Tag Archive: Sharps


Sharp’s (Molson Coors) : Doom Bar Zero (England: Low Alcohol: 0.0% ABV)

Visual: Reddened brown. Moderate beige head. Clear main body. No real evident carbonation on the eye.

Nose: Walnuts. Crushed peanuts. Lightly earthy.

Body: Chalky. Nutty. Walnuts. Charring. Subtle toffee. Dry treacle. Earthy. Prickling. Mild savoury cream core.

Finish: Chalk. Nutty. Charred touch. Dry treacle touch. Earthy. Fluffy hop feel. Moderate bitterness.

Conclusion: Is making a low abv take on a more traditional British bitter a thing now? I hope so. You don’t realise how much you wanted a beer style being done in a low abv way until a bunch land on your lap, like three buses arriving at once after a long wait.

Like the low abv Speckled Hen before it this has a pretty good mouthfeel. Though this has a less syrupy, Marstons like texture than The Speckled Hen did – aiming instead more towards a slightly drier and more prickly bitter feel, which I approve of.

The flavours are similarly towards a more traditional style – earthy in the bitterness, nutty in flavour, with a good hop fluffiness in the finish. Now, comparing it to my memories of the full abv version is going to be slightly vague, as it has been a while since I had one of those, but from memory, this seems to have less evident toffee sweetness – which makes sense given the lower abv. Also it seems less sulphurous. I am aware though that I used to mainly drink Doom Bar on cask, so this may be a bottle vs cask thing rather than a low vs normal abv thing.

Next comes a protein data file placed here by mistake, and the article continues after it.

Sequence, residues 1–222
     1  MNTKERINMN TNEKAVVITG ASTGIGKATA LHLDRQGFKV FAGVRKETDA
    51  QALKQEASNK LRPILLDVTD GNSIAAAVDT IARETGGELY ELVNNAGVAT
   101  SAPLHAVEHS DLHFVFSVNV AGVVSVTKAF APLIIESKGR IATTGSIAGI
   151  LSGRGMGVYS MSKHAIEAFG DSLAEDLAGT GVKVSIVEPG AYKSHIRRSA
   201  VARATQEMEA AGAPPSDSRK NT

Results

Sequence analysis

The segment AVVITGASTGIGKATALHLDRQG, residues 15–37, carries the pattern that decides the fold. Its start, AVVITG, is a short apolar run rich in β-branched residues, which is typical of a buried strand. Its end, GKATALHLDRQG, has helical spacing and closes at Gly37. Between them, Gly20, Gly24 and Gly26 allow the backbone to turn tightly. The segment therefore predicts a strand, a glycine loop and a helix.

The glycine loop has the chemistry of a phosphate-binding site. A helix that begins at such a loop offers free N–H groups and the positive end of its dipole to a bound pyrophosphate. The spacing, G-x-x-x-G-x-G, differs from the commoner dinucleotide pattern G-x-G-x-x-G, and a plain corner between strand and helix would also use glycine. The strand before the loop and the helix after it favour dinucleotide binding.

It is a solid beer, earthy and dry enough to be very easy to drink. In fact if it was alcoholic I would call it dangerously so – but as it it slips down right.

Now it is nothing too out of the normal, but I am finding it better than all the similar low alcohol traditional bitters I have encountered so far. So, for now it fills the place in the line up nicely, and shows that there really is a place for more earthy alcohol free bitters.

Background: Yes I will do non low abv notes again one day. Blame covid. It is the reason for everything else bad so it might as well take this one on the chin as well. Anyway, saw this in Sainsbury’s and after my decent experience with low abv Speckled Hen thought I would give it a try. This is a surprising 0.0% abv beer, not even 0.5, so again I guess they probably brewed it then artificially removed the alcohol rather than brewed it as a low alcohol beer. Though that is just a guess. Doom Bar is a beer I am surprised I never did notes on the normal version. Short story of my experience. Initially found it very dull, but then one day boom – I had one that seemed so much more complex with sweet toffee under the sulphur. It was then I realised the importance of well kept casks and fast cask beer turnover. Most places I had it just were not treating it right as it was their token cask beer. Done well it was a satisfying pint. Went for SOPHIE: Oil Of Every Pearl’s Un-Sides again for music while drinking. Loving it.